Goodbye job applications, hello dream career
Seize control of your career and design the future you deserve with LW career

Bankrupt solicitor maintains ‘grave’ racism allegations despite warnings

A solicitor who was recently declared a vexatious litigant has repeated unfounded allegations of racism against a Law Society member in an attempt to shake a bankruptcy notice.

user iconNaomi Neilson 22 February 2024 Big Law
expand image

Emmanuel Ezekiel-Hart, who was declared a vexatious litigant in the ACT Supreme Court earlier this month, was unsuccessful in an application to have a bankruptcy notice set aside in the Federal Circuit and Family Court of Australia (FCFCOA).

Judge Nicholas Manousaridis determined the court did not have the jurisdiction to set aside the bankruptcy notice because it was out of time but noted that even if Mr Ezekiel-Hart had done so before the deadline, “he would not have succeeded on any of the grounds”.

Those grounds include more baseless allegations against the Council of the Law Society of the ACT, its members, and other judicial members, including Supreme Court justices.

 
 

Many of the allegations – and the proceedings, which led to him being declared a vexatious litigant – began after Mr Ezekiel-Hart was refused a practising certificate. He claimed it was because of his race.

In the affidavit for the bankruptcy proceedings, Mr Ezekiel-Hart complained Robert Reis, the professional standards manager for the ACT Law Society, had “lied” to secure the bankruptcy notice.

“That is no more than an unparticularised assertion which it was and is not open to Mr Ezekiel-Hart to make,” Judge Manousaridis said.

“In any event, there is no evidence on the basis of which it would be open to find that Mr Reis, or any other person on behalf of the council or Law Society, had lied to Judge [Warwick] Neville.”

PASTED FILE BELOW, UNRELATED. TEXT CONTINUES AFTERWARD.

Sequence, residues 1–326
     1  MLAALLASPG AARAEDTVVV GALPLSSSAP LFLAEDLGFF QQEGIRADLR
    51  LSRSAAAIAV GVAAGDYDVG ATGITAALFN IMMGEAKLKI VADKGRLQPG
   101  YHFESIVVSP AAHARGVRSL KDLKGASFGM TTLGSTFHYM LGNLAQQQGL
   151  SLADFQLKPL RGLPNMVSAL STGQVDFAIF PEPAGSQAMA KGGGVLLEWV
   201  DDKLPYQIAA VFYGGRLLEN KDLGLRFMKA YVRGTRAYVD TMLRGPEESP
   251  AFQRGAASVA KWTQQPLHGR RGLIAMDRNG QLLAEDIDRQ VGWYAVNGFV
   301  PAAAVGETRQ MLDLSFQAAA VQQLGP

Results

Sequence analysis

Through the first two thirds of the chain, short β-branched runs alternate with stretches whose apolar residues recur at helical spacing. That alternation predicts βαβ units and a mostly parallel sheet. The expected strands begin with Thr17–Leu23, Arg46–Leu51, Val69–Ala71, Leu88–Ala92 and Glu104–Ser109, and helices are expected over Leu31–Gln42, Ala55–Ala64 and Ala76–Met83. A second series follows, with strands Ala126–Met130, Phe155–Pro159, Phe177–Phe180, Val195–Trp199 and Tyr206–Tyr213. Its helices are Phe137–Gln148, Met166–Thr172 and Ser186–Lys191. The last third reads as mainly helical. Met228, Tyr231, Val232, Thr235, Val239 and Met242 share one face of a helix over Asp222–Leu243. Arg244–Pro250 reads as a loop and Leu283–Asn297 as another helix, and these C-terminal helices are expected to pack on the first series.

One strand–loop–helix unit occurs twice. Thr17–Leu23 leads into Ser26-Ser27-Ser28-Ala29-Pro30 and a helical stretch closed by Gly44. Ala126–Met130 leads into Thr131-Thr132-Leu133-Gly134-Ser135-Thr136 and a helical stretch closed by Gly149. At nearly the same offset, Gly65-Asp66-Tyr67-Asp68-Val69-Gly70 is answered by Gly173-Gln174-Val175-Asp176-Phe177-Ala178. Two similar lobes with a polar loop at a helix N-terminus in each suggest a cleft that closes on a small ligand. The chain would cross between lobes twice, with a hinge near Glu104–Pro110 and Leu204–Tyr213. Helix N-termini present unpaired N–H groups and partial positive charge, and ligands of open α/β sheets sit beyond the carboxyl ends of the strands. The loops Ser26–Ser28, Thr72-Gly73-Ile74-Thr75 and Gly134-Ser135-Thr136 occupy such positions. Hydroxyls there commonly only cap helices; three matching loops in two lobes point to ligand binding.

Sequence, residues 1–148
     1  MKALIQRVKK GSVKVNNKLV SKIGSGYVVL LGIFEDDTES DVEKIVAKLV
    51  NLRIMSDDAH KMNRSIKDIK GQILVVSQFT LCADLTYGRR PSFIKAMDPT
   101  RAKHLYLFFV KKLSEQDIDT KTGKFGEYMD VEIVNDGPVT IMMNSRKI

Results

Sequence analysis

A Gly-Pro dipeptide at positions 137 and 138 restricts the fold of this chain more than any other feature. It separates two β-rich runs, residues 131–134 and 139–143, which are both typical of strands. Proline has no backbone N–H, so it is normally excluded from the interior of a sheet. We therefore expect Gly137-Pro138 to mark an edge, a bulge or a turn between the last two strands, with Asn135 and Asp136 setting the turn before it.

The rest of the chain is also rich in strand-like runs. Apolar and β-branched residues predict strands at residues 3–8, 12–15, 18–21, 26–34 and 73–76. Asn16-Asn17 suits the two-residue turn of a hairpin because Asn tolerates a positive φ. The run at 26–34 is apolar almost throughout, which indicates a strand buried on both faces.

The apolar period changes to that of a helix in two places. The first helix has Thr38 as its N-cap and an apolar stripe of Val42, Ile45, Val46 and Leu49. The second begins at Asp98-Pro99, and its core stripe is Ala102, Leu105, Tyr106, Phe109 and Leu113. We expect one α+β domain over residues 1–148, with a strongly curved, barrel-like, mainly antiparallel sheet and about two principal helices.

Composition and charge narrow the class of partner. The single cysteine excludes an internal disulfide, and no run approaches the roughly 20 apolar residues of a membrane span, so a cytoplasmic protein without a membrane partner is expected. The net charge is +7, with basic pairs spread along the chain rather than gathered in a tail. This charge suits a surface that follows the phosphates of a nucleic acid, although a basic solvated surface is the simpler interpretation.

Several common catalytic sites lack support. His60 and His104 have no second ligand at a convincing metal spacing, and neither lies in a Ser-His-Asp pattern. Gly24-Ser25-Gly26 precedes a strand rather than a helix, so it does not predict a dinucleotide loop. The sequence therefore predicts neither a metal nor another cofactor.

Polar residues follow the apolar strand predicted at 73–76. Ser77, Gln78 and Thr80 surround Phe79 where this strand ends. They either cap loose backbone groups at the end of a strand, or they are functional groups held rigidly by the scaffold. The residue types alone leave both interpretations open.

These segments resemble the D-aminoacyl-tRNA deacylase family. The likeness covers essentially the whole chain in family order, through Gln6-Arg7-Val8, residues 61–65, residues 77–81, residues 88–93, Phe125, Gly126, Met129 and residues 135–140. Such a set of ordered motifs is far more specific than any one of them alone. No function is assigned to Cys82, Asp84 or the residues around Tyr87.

Judge Manousaridis noted Judge Neville had cautioned Mr Ezekiel-Hart from making such “grave allegations”.

Mr Ezekiel-Hart also alleged the bankruptcy notice was made only because he had lodged a criminal complaint against Mr Reis and made a complaint to the Australian Human Rights Commission.

He said the bankruptcy notice was for the “ulterior motive to coerce” him from “asserting [his] human rights before the [commission] and maintaining [his] discrimination action against [Mr Reis]”.

“These submissions do not go beyond unparticularised assertions; and there is no evidence on the basis of which it would be open to find that the council applied for the issue of the bankruptcy notice for a reason other than to demand payment of the amounts recorded in the costs certificate,” Judge Manousaridis said.

Mr Ezekiel-Hart also attempted to dodge costs, submitting Judge Manousaridis should not exercise his discretion because he alleged Mr Reis and the Law Society “had lied”.

Judge Manousaridis said other submissions were made that “I do not understand”, including that the “costs [are] not automatic” and “the High Court also made a decision that even in betting who will win a case, because an order can still be made for me to pay the costs”.

“These are not matters that would cause me not to follow the usual outcome as to costs, namely, that the unsuccessful party should be ordered to pay the costs of the successful party.

“I will, therefore, also order that Mr Ezekiel-Hart pay the respondent’s costs,” Judge Manousaridis said.

You need to be a member to post comments. Become a member for free today!